By now I'm sure you have heard one too many prognostications about the new millennium -- from estimates of unparalleled electronic wizardry to dramatic increases in life expectancy. My contribution to the collective wisdom comes from something much more basic -- the act of gardening.
For the past five years, the statement on the front of the National Gardening Association's brochure has said, "Gardening is more than just a (great) hobby." And each day we attempt to prove that claim by creating and supporting programs that demonstrate how gardening is so fundamental to life itself that it becomes a rejuvenating and sustaining experience. If gardening nurtures the environment, ourselves, and each other, then it certainly qualifies as an important contribution to the new millennium.
For many home gardeners, gardening is an activity that puts fresh vegetables on the dinner table and provides escape from daily stresses. It's a time to feel in touch with the earth. But for millions of people around the globe, the family garden plot is much more than a hobby that enriches their lives. It represents and sustains life itself.
As we begin the next century (I like to take my millennia 100 years at a time), we at NGA feel it is important to expand our perspective from North American soil to parts of the world where gardens are essential for survival. If we can then share this vision with the 25,000 teachers and 500,000 students who use the NGA GrowLab program in about 10,000 schools nationwide, we will have begun to create a worldwide network of gardeners who better understand our global interconnectedness.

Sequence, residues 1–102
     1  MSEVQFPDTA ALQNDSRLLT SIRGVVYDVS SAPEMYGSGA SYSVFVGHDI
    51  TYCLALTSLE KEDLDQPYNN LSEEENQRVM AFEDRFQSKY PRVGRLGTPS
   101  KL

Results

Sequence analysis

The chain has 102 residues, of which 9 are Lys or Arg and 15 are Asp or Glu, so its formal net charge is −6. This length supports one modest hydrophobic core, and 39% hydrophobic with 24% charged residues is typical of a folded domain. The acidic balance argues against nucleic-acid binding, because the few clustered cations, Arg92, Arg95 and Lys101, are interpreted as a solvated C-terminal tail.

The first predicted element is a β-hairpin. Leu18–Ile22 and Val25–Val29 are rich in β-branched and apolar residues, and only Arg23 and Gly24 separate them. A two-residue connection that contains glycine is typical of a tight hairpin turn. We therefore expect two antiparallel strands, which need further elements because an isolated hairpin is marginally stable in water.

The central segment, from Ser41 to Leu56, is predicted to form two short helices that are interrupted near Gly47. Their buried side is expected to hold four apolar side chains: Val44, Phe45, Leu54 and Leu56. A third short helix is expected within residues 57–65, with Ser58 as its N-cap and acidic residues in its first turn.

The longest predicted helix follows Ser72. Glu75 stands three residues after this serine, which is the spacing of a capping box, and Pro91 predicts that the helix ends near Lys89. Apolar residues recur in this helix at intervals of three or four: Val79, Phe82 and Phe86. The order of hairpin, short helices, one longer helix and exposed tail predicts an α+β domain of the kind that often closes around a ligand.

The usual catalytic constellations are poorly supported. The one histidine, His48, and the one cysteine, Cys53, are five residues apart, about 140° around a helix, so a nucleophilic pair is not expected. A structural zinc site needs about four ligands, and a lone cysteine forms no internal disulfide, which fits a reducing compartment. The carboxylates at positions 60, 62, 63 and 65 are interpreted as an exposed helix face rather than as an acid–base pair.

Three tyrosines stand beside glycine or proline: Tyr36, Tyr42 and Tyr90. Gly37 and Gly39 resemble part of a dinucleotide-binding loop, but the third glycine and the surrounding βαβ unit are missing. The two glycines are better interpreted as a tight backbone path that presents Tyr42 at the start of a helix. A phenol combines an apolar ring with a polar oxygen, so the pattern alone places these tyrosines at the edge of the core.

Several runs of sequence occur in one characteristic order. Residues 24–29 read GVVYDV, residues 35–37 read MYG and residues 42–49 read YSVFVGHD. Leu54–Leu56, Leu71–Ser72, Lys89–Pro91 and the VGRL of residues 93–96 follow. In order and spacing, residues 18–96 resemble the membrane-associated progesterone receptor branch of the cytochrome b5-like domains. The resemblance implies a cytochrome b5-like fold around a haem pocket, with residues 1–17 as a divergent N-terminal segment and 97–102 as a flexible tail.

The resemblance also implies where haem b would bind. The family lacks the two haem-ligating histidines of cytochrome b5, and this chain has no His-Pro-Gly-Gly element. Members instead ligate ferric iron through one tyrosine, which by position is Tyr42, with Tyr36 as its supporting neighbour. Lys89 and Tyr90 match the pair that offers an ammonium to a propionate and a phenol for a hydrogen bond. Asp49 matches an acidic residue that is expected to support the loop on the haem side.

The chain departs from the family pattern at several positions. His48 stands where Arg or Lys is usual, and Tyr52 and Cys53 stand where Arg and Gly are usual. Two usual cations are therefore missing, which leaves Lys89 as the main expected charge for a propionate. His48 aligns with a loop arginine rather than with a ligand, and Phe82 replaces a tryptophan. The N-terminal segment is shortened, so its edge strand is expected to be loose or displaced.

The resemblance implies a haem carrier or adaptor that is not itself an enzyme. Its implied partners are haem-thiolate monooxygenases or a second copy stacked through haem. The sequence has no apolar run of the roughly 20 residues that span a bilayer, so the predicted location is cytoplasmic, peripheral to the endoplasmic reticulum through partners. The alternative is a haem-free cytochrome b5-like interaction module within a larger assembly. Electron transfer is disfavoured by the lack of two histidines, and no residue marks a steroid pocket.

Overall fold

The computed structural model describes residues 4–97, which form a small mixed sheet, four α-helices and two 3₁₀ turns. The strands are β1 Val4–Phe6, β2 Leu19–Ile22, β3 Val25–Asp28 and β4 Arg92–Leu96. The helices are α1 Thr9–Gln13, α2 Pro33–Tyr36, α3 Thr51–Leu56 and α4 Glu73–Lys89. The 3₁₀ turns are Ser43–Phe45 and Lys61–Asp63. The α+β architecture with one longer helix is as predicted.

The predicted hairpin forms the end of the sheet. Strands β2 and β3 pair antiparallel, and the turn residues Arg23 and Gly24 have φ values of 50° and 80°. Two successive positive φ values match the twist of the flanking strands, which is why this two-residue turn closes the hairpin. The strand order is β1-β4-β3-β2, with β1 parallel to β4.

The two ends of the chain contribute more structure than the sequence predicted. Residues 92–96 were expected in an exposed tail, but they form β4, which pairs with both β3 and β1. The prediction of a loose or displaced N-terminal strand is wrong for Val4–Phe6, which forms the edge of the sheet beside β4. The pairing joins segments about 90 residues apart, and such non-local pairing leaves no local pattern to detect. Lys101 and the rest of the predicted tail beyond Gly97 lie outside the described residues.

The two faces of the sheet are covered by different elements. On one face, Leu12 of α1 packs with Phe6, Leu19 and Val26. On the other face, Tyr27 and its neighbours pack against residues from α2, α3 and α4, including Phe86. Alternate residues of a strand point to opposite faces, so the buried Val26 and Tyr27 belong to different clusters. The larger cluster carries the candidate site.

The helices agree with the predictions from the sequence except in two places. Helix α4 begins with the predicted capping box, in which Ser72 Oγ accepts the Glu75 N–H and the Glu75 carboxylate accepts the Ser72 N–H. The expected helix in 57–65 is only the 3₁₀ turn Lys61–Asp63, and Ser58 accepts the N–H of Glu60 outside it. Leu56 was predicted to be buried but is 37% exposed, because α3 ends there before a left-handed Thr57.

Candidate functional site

One vehicle for this awareness is our new partnership with TechnoServe, a nonprofit international economic development organization. With funds from the U.S. Agency for International Development, we will create a link between grade-school students in the United States and the Third World. The goal of the Making Connections Through Gardening project is to get students to share and thereby increase their knowledge of the role that home gardening and agriculture play in the developing world.
In the project, students in the United States, one Central American country, and one African country will learn about the environmental impact of gardening and agricultural practices in developing countries. The project will create ambassador clubs in 100 schools in the United States that will share activities and communicate with partner schools in the other two countries. Each club will receive curriculum materials developed by the National Gardening Association. Teachers will be given information on how to incorporate the materials into their social studies programs, and the entire program will be made available to parents and children on our Web site (www.garden.org). Students themselves will exchange information on our Web site as e-mail pals.
NGA has long waited for an opportunity to expand its mission beyond the borders of its own gardens, and it is particularly satisfying to do this first with children in the Third World.
David E. Els is the former executive director of National Gardening.